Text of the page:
WHAT!!!!!!!!!!!!! ARE YOU KIDDING!!!!!! A CLOCKWORK ORANGE IS CLASSIC FILM-MAKING AT ITS BEST and ahead of its time at worst. ROSEMARY'S BABY is FREAKING AWESOME (and to think that it was produced by William Castle-producer of The Tingler, 13 Ghosts, The House on Haunted Hill is amazing) . . . CLOCKWORK ORANGE is partly about humankind's societal desensitization to violence and an apathetic attitude toward fellow remembers of humankind; A Clockwork Orange should cause the viewer to re-examine his own values concerning violence. KIDS TODAY DON'T KNOW ABOUT NOR CARE ABOUT FILMS OR EACH OTHER (it must be the case: like the Rutgers University Student who "caused" his classmate to jump-off The George Washington Bridge . . . We're living in The Age A Clockwork Orange depicts, an Age where "KID'S TODAY" don't give a crap what happens to themselves or others)

Jun 7 - 06:00 PM

sexpistol14

Mitch Dynomite

Pretty sure it's a troll

Jun 7 - 06:49 PM

IrreducibleKoan

Sean Pak

I've watched all five of them. Proud of myself, as Wes Anderson is awesome. Also, I would not have imagined him to pick any of them as favourites, except Trouble in Paradise. I would have expected at least one or two from the French New Wave. Great list though.

Jun 7 - 06:00 PM

Double.Dubs

Edward Stymest

0/10

Jun 7 - 06:04 PM

DBrock

David E-Brock

Didn't expect him to have such dark taste...at least three of these are really creepy movies...his movies usually have some dark undertones,but are mostly so light and "quirky"...maybe he should direct something super dark...who is doing the new Carrie? Ill bet he could do a really interesting take on that...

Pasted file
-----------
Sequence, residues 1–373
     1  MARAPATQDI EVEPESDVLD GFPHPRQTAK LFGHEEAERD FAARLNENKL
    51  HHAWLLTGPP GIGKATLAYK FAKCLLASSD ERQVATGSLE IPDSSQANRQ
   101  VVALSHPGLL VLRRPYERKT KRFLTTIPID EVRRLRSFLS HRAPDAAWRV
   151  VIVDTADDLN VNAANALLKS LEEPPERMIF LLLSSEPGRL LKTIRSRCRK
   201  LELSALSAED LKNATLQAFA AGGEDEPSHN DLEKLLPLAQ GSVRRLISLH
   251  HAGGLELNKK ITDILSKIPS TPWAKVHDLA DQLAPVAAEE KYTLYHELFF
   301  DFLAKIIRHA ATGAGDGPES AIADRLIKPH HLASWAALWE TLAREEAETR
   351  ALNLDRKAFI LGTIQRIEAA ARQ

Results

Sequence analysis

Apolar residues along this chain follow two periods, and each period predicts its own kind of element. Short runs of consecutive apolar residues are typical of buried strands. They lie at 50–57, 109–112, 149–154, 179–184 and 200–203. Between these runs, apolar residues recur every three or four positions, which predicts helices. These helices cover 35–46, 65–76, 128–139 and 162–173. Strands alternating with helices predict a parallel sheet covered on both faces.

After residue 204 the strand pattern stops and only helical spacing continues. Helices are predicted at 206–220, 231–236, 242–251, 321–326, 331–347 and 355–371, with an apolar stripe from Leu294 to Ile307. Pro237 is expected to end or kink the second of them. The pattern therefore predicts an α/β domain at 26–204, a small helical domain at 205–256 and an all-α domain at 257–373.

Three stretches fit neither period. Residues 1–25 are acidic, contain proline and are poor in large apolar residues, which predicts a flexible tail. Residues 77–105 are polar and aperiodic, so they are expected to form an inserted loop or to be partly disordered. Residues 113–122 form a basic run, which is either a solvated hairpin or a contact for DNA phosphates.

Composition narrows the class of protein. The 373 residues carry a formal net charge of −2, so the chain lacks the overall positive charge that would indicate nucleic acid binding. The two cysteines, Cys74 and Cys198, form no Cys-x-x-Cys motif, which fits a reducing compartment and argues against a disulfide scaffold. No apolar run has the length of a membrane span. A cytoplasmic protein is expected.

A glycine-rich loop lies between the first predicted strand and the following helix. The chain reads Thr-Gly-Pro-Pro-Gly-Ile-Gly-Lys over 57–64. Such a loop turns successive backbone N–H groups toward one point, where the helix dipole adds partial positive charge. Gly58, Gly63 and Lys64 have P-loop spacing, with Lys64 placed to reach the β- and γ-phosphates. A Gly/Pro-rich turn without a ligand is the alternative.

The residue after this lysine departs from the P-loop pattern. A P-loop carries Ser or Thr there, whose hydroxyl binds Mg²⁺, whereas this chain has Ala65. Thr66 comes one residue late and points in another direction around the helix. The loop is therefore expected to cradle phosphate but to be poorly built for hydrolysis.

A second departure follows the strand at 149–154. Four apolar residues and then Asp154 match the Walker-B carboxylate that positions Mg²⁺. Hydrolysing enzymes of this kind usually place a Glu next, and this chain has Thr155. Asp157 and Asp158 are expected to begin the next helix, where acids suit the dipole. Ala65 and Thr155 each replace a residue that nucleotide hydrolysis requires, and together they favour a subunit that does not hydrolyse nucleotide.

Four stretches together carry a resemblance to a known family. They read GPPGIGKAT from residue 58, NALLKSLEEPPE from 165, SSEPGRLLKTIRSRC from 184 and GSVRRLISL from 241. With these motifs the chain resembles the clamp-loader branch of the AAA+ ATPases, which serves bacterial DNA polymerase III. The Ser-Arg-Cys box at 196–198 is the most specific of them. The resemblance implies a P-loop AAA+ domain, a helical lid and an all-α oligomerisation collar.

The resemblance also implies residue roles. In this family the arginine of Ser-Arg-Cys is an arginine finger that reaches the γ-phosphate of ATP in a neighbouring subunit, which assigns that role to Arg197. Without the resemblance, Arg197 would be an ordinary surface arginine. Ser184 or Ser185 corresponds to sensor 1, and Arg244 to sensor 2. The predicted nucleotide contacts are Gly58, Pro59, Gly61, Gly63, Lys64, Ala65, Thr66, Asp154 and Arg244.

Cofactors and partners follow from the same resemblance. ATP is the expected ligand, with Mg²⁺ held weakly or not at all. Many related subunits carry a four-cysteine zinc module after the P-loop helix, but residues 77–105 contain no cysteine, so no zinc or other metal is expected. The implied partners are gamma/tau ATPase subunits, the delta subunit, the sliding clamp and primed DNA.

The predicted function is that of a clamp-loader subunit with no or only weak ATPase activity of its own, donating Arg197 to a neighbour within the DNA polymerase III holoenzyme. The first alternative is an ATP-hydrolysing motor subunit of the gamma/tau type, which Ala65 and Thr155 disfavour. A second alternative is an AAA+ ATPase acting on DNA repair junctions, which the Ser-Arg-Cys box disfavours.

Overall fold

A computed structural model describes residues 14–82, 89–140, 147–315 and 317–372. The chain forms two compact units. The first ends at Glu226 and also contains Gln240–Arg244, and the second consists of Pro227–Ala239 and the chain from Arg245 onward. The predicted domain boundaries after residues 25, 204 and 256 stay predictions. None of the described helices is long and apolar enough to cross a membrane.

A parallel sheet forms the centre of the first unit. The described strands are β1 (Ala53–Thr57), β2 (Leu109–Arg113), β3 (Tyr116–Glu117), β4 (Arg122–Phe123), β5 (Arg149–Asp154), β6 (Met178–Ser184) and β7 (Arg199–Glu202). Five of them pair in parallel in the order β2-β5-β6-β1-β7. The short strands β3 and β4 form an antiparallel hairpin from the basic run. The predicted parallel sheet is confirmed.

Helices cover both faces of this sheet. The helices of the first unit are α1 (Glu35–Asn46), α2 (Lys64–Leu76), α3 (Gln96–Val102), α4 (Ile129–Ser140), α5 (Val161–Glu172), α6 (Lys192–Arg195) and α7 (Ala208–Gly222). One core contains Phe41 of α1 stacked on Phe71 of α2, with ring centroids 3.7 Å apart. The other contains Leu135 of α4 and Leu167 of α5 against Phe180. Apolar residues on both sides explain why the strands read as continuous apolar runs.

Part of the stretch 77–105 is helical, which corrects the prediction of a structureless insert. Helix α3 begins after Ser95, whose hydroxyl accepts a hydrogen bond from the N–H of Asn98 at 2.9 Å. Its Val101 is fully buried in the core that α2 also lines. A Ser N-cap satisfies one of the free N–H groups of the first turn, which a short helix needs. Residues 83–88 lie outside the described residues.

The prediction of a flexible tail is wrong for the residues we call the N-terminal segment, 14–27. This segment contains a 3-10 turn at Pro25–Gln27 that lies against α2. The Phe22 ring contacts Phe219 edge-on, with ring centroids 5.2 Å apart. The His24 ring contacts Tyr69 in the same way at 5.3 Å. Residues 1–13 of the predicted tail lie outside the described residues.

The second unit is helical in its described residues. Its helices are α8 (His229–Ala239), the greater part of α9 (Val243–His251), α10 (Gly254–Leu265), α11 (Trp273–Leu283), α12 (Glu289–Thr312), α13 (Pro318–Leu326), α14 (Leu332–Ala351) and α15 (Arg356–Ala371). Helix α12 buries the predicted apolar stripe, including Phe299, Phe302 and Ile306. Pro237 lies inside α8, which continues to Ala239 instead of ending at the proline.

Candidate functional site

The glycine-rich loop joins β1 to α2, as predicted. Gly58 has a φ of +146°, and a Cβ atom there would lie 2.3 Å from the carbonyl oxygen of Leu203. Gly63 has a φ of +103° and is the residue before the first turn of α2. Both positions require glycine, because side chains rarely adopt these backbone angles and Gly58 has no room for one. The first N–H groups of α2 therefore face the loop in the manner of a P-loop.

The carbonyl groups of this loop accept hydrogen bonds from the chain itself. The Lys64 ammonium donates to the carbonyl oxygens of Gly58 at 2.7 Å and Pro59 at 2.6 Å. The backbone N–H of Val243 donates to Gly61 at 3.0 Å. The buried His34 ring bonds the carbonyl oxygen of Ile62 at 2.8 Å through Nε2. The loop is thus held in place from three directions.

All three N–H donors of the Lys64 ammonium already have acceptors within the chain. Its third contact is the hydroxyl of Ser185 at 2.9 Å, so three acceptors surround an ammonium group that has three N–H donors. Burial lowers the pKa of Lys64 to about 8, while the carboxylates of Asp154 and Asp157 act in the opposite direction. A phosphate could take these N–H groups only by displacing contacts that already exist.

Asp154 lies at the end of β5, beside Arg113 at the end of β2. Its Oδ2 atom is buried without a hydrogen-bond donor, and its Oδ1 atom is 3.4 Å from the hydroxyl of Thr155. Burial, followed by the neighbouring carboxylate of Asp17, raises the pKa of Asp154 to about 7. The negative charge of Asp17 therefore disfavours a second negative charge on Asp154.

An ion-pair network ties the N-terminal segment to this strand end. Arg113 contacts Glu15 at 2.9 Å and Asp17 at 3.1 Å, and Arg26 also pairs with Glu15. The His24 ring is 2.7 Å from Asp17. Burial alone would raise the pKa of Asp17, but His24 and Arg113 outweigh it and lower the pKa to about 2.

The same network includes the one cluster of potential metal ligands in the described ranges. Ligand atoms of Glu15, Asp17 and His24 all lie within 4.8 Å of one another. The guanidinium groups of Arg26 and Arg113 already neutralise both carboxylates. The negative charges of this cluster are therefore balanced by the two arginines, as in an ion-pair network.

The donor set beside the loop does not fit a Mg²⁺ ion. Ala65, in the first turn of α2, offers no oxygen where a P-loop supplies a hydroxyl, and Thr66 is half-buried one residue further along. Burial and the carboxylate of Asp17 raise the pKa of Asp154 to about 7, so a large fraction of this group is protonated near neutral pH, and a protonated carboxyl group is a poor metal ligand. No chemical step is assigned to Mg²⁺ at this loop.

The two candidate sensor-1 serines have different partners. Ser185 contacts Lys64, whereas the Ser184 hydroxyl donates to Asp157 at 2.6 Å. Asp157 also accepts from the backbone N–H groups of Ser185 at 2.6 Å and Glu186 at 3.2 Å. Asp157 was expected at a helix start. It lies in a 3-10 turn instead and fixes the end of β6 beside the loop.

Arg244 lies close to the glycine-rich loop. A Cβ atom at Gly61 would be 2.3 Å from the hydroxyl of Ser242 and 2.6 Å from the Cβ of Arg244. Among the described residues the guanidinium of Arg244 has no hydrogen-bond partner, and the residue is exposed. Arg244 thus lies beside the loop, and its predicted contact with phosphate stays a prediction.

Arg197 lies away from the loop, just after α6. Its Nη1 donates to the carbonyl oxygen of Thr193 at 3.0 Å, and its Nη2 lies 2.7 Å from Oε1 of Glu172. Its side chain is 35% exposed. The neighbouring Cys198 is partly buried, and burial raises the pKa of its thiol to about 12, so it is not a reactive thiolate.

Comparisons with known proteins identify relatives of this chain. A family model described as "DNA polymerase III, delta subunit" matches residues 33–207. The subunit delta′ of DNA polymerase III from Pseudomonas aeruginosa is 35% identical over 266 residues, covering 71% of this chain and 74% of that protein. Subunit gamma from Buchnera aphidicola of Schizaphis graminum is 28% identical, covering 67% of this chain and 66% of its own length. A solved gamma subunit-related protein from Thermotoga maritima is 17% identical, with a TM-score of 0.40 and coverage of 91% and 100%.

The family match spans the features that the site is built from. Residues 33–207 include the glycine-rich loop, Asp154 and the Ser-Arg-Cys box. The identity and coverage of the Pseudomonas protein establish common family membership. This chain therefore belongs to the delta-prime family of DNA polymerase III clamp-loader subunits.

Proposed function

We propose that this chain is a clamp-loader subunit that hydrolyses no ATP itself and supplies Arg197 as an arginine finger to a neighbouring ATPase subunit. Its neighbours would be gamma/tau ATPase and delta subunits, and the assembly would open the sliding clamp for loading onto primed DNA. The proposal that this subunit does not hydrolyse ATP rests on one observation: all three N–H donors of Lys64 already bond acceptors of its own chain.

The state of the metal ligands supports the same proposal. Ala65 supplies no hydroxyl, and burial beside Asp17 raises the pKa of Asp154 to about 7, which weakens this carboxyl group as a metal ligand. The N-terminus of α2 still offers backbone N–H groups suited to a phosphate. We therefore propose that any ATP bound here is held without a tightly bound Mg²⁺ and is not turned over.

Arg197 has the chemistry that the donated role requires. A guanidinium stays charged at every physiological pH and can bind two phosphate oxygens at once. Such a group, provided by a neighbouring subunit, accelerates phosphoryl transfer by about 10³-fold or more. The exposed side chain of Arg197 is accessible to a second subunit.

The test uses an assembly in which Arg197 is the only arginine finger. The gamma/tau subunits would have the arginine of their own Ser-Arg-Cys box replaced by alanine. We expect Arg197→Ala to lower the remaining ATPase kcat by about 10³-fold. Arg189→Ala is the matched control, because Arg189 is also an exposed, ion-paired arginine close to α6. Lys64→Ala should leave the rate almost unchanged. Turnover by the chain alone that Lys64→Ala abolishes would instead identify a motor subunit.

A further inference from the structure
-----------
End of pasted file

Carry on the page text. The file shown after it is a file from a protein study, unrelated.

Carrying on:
Jun 7 - 06:27 PM

IrreducibleKoan

Sean Pak

Yep, just what I was thinking. He should do a horror or blackly comic sci-fi movie.

Jun 7 - 06:43 PM

Bo Swidersky

Bo Swidersky

I'm shocked that HAROLD & MAUDE wasn't on the list.

Jun 7 - 06:37 PM

Christopher Kulik

Christopher Kulik

Only a few more days until the Criterion release.

Jun 8 - 05:45 AM

Janson Jinnistan

Janson Jinnistan

Aw, damn! Hell, yes!!!

Jun 8 - 08:09 AM

Zak Santucci

Zak Santucci

I know! It seems a little disingenuous to not mention it since Hal Ashby is clearly his biggest influence.

Jun 8 - 07:15 AM

IrreducibleKoan

Sean Pak

Yep, just what I was thinking. He should do a horror or blackly comic sci-fi movie.

Jun 7 - 06:43 PM

sexpistol14

Mitch Dynomite

Pretty sure it's a troll

Jun 7 - 06:49 PM

Indiana Jones 79

Gavin Miller

Who's Afraid of Virginia Woolf is one of my all time favorite films as well

Jun 7 - 07:50 PM

Indiana Jones 79

Gavin Miller

umm what about Virginia Woolf???

Jun 7 - 07:50 PM

David Kordahl

David Kordahl

I've read a few of these Wes Anderson "favorite movie" lists, and what's interesting is that he seems never to repeat himself. Look at his wording: he's referring to films that he's "recently re-watched," not a group of movies that comprise some awesome, highbrow criterion. I bet that if this interview were conducted two months from now, you'd get a mostly different list.

Jun 7 - 07:51 PM